The “Great Rotation” debate appears to be back. The term was originally coined by Bank of America Merrill Lynch (BAML) in 2011 and was used to describe the massive impending asset class shift of money moving out of bonds and into equities. This would have effectively signaled the end of the 30+ year bull market in bonds. Needless to say, since that time, the “Great Rotation” turned out to be a great marketing strategy but not a great investment strategy. However, since Trump’s election win, many investors believe the “Great Rotation” is finally upon us. With increased economic growth projections and rising inflation expectations, stocks have hit all-time highs and bonds have sold off sharply. Looking at the fund flows into fixed income, BAML notes that bond mutual funds and bond ETFs have seen outflows of -$30 billion over the past five weeks. This is the largest outflow since the “taper tantrum” of 2013.1
At this time, the team at Bramshill Investments does not have a strong opinion on this debate (although we acknowledge inflation risk is more of a real concern today). It is too early to tell. What we do have a strong opinion on is the market outlook for 2017. (In our Q3 commentary, we share some of our market insights.) In our conversations with RIAs, analysis of their strategic fixed income allocations has been an important topic for them. We agree that risk management in core fixed income is becoming a more critical component of an RIA’s due diligence and portfolio construction. Credit spreads remain fairly tight and interest rates are on the rise. The risks of severe drawdowns and capital losses have risen relative to years past. Going forward, we believe there are two important themes RIAs should consider: 1. Importance of active management in core fixed income; 2. Capital preservation.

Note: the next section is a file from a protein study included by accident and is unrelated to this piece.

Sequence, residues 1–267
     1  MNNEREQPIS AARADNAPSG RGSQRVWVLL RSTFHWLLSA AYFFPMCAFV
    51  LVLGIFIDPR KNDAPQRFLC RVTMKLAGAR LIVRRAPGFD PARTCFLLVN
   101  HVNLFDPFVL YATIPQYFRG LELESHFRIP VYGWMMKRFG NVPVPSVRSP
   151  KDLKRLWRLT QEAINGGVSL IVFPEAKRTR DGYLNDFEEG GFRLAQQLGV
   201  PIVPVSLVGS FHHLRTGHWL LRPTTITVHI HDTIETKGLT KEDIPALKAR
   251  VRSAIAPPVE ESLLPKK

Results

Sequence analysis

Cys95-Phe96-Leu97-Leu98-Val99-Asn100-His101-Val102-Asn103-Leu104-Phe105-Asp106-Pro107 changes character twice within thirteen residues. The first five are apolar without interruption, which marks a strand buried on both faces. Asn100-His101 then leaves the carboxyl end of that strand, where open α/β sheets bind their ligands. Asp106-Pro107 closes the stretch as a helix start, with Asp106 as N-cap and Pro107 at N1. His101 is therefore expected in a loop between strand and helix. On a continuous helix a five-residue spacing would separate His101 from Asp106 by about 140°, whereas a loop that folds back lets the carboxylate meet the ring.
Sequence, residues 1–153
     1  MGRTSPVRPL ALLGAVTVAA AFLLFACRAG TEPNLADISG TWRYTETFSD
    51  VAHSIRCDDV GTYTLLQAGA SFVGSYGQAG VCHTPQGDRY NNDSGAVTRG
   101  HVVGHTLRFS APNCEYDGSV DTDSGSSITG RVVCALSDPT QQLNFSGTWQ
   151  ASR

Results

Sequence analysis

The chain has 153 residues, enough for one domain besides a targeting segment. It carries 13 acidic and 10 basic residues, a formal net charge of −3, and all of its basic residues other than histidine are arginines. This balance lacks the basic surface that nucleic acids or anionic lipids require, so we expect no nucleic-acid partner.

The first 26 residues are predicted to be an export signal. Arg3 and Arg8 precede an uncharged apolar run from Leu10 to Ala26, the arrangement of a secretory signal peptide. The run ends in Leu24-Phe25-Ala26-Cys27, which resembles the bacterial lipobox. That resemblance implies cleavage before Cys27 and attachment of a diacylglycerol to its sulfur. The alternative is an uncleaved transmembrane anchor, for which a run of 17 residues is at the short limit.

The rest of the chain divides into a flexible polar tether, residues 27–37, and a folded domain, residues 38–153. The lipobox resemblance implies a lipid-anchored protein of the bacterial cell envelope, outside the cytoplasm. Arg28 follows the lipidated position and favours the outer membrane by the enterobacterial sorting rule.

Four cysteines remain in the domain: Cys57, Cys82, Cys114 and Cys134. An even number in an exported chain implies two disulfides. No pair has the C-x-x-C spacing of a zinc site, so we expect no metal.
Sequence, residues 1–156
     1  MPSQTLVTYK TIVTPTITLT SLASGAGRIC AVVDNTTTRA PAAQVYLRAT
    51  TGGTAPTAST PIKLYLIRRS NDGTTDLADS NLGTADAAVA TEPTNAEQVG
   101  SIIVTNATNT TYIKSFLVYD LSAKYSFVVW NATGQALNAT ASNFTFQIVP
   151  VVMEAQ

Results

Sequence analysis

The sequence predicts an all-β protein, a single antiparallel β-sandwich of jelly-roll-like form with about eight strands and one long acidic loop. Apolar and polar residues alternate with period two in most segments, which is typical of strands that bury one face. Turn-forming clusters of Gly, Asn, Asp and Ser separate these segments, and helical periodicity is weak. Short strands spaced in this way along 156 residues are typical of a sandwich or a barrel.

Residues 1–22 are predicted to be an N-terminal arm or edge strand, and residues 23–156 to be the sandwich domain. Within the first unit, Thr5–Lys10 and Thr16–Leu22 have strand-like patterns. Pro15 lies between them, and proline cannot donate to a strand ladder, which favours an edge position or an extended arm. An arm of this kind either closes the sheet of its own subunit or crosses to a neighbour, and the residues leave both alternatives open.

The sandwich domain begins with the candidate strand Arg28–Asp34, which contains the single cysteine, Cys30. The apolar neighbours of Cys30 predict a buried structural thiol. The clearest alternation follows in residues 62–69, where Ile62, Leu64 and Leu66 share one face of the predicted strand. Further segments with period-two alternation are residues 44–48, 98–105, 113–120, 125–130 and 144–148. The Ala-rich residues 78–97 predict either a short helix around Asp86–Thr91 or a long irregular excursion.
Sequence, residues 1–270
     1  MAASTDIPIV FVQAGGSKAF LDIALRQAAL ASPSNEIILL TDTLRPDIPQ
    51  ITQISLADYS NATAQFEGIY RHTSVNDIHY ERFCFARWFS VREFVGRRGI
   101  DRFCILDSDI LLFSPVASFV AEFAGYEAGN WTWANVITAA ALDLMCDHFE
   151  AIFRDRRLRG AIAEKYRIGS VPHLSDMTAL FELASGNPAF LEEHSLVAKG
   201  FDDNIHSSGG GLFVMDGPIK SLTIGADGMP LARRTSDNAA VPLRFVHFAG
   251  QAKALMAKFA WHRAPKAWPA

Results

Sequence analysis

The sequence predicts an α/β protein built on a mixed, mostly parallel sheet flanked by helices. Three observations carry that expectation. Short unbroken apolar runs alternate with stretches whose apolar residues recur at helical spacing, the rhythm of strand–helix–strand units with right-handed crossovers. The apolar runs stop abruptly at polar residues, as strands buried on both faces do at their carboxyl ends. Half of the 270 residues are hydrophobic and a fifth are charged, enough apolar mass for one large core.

In particular, at Bramshill, we were able to be defensive prior to the recent interest rate correction. We did not suffer a major drawdown as some active management peers, passive investment strategies, and benchmarks have suffered recently. We believe in 2017, Bramshill’s strategy will have many more opportunities. Interest rates have recently backed up 125 basis points, which causes some immediate pain, but also provides opportunity for higher overall yields and increased future returns. At Bramshill, we have been waiting for a correction like this to find new sources of quality yield across the five asset classes in which we invest: investment grade and high yield corporate bonds, municipal bonds, preferred stock and U.S. Treasuries. Tactical asset allocation and active management are key to take advantage of these opportunities and are paramount to our process.
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1Chris Dieterich, “Bond Fund Withdrawals Renew Chatter About ‘Great Rotation’.” The Wall Street Journal. December 6, 2016.